With 43 per cent of Australian farms having little or no mobile coverage, an Australian startup company is out to solve that problem through scalable wireless networks.
While founder and CEO of Zetifi, Dan Winson says most of the large-scale trials and sales have been in broadacre cropping and cattle, the company is keen to identify and explore solutions for horticulture farms with network problems.
"I noticed that there was a big demand for connectivity in rural and regional Australia, which is renowned for having terrible connectivity," he said. "66 per cent of Australian farms have less than full mobile coverage, so it's a pretty bad situation out there for our primary producers. The digital divide is very much a real thing (between city and country populations) and it is something the governments have tried to step in and solve. They have stepped in with 700 new towers built in six years - but they have barely made a dent in the problem."
Zetifi is a company that finds connectivity solutions for people in rural and remote locations. While Mr Winson has a background as an academic in network engineering, specialising in wireless networks. He has since completed research and projects with the Northern Territory, Western Australian and New South Wales governments.
"I then went on to build a start-up company that is commercialising new technology," Mr Winson said. "We are a company that is building products that have got the solutions for connectivity in remote and rural locations."
Photo: John Lucas and Dan Winson from Zetifi at the evokeAG. 2020 Conference in Melbourne.
The company's technology is based upon standard, long-range Wi-Fi, but one of the key differences, according to Mr Winson, is the unique feature of shutting down a device when it is not in use.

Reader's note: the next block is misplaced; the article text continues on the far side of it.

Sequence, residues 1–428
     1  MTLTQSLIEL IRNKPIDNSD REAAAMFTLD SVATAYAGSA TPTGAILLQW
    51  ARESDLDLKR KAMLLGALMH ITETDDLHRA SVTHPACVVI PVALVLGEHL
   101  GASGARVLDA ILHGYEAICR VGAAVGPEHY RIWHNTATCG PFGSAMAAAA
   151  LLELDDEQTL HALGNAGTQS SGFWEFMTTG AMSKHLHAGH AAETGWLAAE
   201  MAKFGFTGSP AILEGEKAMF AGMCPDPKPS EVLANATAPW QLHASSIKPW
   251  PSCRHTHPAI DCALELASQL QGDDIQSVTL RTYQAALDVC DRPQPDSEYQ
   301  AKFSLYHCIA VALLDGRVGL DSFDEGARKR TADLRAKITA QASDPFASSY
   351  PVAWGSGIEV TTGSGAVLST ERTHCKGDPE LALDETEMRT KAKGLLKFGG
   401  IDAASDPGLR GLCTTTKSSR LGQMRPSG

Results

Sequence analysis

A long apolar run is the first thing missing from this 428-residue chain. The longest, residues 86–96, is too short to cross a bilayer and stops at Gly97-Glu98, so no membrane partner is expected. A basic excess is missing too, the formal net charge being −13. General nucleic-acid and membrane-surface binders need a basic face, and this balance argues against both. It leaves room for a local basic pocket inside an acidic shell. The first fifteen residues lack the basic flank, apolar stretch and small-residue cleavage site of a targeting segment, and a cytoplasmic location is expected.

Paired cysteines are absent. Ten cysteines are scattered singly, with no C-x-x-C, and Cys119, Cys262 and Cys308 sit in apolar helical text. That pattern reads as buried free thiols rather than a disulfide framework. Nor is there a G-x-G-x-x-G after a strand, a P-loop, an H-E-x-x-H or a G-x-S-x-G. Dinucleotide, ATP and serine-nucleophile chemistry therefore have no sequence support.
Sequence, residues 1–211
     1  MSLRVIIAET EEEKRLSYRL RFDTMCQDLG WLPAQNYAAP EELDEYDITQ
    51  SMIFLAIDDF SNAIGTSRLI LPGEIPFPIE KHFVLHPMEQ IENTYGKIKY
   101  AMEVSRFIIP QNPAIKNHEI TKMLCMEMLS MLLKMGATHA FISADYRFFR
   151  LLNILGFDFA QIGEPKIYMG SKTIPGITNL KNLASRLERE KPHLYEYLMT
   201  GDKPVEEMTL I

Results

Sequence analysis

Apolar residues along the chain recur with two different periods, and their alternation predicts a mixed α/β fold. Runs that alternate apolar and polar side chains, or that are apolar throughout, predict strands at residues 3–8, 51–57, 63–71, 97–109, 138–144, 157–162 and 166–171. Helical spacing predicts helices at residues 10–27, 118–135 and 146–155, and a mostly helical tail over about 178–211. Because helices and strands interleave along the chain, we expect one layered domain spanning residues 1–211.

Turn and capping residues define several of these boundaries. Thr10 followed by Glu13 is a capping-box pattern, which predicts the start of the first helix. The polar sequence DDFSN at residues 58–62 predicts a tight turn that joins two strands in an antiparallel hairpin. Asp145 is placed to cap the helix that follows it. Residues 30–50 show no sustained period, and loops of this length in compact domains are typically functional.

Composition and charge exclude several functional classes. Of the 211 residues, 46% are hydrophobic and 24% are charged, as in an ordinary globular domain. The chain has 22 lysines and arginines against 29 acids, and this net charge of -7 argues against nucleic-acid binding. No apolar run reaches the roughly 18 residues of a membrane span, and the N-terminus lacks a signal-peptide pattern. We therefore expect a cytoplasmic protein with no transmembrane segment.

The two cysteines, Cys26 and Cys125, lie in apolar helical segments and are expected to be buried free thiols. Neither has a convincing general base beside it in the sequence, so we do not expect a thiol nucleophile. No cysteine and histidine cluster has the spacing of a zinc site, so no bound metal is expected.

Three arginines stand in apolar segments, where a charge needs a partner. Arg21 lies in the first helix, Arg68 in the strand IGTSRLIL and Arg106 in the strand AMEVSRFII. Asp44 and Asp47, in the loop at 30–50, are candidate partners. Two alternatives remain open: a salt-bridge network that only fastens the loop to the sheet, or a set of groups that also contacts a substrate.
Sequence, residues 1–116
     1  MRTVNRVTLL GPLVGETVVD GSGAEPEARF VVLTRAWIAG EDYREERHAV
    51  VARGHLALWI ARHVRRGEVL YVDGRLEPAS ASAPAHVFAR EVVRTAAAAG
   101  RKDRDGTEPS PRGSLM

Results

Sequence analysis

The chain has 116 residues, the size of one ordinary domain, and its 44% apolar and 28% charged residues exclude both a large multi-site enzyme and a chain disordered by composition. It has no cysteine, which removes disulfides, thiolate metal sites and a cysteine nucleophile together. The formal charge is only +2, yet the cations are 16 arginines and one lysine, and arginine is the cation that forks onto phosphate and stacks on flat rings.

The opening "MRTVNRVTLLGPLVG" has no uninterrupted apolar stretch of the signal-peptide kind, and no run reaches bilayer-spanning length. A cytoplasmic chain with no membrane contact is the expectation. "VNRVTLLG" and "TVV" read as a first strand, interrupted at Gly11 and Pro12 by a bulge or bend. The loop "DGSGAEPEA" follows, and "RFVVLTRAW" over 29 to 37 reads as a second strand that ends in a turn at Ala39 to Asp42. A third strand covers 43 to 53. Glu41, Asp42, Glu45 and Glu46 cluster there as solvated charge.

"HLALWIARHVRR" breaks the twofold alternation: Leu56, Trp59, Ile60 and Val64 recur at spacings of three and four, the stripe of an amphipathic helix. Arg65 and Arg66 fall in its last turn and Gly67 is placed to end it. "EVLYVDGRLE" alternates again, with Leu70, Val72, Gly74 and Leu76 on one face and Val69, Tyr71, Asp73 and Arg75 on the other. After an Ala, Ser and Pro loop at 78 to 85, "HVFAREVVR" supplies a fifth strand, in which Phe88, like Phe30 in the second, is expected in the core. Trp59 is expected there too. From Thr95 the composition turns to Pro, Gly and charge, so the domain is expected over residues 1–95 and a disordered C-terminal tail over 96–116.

"We have patent-pending technology that allows us to send it to sleep when it is not in use," he said. "This conserves around 80-90 per cent of the power, reducing the need for a large solar panel or large battery. It also makes installation easier, and makes it more scalable to provide connectivity across a farm or large property that is in an area with little to no mobile coverage."
The products available include Zetifi Rover, which provides high-speed connectivity for machinery and operators, and Zetifi Gateway, which allows farmers to browse the web from the paddock, use wireless CCTV cameras to improve security and make and receive phone calls even in mobile black spots.
Mr Winson added that since the products were first launched on the market, there has been an incredibly strong uptake.
"We have had incredibly strong support, that at one stage we had to take the products off our website, to make sure that we could keep fulfilling orders," he said. "That was just for a little while, and rest assured they are back up and available."
So far it has all been positive feedback for Zetifi, not only in terms of farming operations but to the personal lives of families.
"Having access to connectivity, from a business point of view, saves you a lot of time," Mr Winson said. "It reduces a lot of risks too because you can put in cameras and know what is going on. Also, it can reduce Workplace Health and Safety incidents. In general, it is just an improvement to the quality of life - being able to what the people in the city can do. As we are scaling, and the prices are dropping, it is very easy to get this up and running."